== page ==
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New method for hip replacement could reduce rehab time

March 21, 2013

Hip replacement surgery can be a big help to many seniors, but the treatment does have its drawbacks. While surgery often reduces pain and discomfort, the recovery period can sometimes be lengthy and challenging. However, a growing number of surgeons are making use of an innovative technique that will not only reduce pain from the procedure, but may also reduce the time spent in short term rehabilitation, The New York Times reports.

The new surgery is known as an anterior hip replacement, and the change is where doctors are making the initial incision. While the cut is made on the side or back of the hip to reach the socket in traditional surgeries, the anterior method goes through the front. The benefit of this slight change is that surgeons no longer have to cut through muscle, which is often what makes recovery so difficult.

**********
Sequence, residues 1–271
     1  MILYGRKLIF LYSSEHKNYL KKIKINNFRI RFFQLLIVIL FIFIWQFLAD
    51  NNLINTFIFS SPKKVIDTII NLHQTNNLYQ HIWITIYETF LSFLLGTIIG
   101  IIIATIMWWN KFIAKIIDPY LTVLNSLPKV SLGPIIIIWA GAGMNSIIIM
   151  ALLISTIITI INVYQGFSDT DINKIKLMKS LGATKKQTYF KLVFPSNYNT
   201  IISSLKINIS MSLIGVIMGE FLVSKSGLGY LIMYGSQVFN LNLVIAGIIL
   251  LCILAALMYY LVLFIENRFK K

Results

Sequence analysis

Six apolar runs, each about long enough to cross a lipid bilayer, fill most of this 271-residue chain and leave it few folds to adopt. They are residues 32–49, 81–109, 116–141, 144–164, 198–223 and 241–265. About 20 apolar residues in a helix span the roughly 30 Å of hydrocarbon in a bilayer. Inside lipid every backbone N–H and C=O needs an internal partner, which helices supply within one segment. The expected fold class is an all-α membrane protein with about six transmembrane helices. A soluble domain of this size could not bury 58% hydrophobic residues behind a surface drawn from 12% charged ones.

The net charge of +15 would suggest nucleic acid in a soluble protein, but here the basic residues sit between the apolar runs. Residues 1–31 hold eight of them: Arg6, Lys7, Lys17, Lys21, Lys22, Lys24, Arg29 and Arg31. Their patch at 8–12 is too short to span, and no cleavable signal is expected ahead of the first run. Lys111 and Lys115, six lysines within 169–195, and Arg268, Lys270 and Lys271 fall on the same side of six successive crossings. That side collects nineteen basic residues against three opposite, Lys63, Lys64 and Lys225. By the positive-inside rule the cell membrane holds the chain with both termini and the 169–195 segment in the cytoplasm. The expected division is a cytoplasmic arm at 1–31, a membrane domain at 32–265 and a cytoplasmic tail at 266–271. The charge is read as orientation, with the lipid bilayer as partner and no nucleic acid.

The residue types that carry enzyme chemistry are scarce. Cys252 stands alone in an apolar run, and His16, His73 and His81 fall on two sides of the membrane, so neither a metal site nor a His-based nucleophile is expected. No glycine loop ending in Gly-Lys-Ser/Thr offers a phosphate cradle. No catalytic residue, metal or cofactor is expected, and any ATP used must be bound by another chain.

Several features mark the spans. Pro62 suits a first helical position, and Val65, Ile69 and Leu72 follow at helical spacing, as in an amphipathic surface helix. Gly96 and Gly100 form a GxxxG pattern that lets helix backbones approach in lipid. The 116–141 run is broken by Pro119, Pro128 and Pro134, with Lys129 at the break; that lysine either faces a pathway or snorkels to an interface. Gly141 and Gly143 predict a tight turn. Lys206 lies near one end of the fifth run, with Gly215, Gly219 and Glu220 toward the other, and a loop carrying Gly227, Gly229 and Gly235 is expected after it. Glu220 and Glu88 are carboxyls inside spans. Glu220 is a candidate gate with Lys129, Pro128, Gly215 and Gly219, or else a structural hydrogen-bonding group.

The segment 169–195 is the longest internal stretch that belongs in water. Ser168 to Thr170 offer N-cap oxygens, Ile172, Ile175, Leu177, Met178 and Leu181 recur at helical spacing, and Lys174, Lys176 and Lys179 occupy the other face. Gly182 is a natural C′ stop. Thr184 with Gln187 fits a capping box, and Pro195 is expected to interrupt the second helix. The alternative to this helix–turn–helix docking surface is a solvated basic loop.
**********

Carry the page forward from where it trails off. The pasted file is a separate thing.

"We're seeing more and more data that patients recover quicker, discontinue use of a cane or walker sooner, and have a quicker return to a normal gait," Dr. Joseph T. Moskal, the chief of orthopedic surgery at Virginia Tech Carilion School of Medicine and Research Institute, told the Times.

Reducing the recovery time associated with a hip replacement could have a significant impact on many seniors. According to the Centers for Disease Control and Prevention, an estimated 327,000 people have hip replacement surgery each year.